Gay couples can have kids, too. Pair-bonded gays often want to have kids. Who cares if they need a cell from someone else to have kids? Heterosexual couples with fertility problems also may go “outside of the marriage” to get the cells they need to have kids. Does this mean that the kids produced in this manner are not a part of the next generation? Don’t these kids count, too? Isn’t every life precious?

“It is incidentally the case that a certain heterosexual couple cannot procreate due to one or both partners being infertile or sterile.”

This misses the point. The state supports marriage because it makes babies. If the marriage does not or cannot make babies, it’s of no interest to the state. The marriage is “wasteful” and “unproductive”, and should not be supported by the state.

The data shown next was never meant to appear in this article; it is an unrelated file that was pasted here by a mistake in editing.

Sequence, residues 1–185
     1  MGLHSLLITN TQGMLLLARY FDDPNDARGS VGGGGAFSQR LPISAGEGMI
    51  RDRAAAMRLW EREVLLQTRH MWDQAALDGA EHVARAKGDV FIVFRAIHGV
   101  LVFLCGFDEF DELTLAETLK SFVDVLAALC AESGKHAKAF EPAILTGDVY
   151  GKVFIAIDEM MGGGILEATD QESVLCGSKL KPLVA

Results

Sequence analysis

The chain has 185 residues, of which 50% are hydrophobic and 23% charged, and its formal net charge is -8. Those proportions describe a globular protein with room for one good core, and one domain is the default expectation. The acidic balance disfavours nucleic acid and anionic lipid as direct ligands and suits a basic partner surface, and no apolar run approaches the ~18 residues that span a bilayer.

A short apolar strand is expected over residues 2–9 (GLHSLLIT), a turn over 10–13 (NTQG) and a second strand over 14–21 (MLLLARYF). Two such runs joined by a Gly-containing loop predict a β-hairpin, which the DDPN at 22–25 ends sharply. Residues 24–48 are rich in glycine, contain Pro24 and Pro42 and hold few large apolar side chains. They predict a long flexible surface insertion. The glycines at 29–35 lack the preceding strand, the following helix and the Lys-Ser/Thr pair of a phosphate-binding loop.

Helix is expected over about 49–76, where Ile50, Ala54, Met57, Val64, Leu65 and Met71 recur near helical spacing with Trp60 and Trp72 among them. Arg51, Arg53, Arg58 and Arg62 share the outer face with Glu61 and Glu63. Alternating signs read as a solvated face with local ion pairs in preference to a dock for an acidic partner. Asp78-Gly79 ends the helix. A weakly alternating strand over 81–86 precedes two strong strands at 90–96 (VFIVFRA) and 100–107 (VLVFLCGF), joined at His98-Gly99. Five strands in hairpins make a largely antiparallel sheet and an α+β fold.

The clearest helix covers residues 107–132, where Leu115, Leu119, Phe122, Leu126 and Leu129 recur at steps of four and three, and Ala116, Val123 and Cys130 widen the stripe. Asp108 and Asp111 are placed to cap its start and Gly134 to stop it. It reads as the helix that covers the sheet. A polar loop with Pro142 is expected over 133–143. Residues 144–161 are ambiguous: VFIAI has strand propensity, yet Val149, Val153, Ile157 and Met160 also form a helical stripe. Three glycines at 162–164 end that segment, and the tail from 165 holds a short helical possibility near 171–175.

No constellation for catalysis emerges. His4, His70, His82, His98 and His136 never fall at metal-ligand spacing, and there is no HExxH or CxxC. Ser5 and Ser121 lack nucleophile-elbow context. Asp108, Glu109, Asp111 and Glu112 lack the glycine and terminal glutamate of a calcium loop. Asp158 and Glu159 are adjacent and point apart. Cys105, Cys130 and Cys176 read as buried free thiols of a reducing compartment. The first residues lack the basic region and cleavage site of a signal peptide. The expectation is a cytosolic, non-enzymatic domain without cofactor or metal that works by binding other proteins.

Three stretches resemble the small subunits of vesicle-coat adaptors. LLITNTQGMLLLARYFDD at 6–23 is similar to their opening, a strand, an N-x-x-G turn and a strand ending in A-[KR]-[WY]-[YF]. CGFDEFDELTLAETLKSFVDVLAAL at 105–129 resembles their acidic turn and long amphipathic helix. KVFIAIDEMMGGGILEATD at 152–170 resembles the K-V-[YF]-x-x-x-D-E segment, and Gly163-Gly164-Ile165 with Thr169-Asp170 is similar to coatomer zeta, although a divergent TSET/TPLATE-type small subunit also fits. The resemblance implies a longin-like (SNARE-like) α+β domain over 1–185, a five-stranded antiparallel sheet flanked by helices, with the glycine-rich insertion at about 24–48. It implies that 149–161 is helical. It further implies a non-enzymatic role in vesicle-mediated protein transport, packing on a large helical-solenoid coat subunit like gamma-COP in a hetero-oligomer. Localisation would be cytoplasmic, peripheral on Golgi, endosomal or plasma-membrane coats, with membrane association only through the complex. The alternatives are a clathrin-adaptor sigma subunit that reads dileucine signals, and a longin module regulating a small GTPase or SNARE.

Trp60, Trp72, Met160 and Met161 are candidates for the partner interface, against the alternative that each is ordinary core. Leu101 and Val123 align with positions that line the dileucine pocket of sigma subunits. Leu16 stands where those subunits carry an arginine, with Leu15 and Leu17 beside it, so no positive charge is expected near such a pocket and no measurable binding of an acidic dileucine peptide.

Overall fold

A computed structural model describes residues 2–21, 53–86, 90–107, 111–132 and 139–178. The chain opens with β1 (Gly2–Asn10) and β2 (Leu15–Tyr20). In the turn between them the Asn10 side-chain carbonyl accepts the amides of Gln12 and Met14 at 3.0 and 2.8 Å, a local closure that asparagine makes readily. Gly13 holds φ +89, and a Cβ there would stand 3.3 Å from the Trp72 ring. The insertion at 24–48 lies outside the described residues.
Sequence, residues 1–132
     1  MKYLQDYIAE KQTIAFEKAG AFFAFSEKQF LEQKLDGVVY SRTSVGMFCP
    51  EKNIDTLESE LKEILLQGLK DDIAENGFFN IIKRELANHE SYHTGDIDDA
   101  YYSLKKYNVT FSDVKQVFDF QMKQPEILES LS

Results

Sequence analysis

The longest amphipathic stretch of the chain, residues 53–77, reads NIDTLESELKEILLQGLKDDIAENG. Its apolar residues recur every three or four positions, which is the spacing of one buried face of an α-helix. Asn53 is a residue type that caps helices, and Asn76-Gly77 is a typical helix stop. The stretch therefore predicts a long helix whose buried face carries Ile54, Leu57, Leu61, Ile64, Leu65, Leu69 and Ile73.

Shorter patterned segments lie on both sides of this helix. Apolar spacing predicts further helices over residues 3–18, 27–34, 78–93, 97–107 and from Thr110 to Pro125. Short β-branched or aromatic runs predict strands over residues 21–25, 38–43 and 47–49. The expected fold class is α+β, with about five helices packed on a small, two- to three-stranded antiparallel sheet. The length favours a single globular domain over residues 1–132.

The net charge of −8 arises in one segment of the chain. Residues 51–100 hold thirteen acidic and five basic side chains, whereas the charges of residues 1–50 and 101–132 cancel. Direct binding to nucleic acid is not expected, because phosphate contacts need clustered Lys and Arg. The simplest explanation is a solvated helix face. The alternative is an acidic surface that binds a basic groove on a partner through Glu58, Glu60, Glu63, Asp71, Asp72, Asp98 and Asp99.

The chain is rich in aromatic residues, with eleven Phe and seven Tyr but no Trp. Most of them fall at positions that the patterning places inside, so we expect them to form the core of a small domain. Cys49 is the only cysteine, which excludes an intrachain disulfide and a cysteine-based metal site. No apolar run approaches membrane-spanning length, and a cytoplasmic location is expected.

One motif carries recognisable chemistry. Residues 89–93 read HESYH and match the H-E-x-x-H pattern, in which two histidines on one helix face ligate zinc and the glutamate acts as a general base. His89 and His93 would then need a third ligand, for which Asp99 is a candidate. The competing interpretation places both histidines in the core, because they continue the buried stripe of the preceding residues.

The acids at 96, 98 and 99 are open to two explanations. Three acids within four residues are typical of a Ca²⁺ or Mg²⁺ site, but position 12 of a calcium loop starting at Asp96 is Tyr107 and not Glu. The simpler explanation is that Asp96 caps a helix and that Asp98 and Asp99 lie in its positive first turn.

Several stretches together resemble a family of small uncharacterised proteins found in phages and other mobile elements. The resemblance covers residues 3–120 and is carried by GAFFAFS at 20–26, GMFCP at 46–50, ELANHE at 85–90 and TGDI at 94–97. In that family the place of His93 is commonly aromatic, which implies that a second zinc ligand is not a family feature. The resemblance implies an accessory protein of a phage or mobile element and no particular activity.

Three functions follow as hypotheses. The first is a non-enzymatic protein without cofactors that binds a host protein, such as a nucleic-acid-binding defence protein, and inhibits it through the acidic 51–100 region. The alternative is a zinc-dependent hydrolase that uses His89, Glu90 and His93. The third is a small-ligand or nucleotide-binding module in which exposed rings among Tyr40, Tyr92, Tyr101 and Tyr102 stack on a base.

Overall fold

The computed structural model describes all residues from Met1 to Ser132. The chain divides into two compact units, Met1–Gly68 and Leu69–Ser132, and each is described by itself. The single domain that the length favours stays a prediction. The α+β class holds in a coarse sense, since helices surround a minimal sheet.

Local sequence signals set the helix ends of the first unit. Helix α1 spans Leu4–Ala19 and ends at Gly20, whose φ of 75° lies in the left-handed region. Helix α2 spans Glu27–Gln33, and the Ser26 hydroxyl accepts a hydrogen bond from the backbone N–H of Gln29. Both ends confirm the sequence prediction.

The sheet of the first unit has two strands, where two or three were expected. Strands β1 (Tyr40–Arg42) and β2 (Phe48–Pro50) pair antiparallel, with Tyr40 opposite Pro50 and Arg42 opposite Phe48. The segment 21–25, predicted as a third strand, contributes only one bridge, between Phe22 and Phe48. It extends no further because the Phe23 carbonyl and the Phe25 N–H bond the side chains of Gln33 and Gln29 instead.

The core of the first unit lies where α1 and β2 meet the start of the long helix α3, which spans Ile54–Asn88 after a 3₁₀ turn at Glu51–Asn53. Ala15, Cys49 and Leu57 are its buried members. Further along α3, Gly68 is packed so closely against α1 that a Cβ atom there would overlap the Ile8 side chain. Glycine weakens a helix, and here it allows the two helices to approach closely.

“A genderless re-definition of marriage is as good as a speciesless re-definition of marriage -- it effectively strips marriage of its objective bio-social function. It makes marriage out to have only a subjectively meaningful function (e.g. personal gain, happiness, self-fulfillment) rather than an objectively meaningful function (for the common good).”

Now you are imposing your personal opinion about the function of a marriage. My marriage is childless. Does this mean that it has no bio-social function and is only “subjectively meaningful”? Should I have been denied a marriage license? I'm tired of people telling me that the only marriages that are of value are those marriages that make babies.

Rhology said...

Gay couples can have kids, too.

No they can't.


Pair-bonded gays often want to have kids.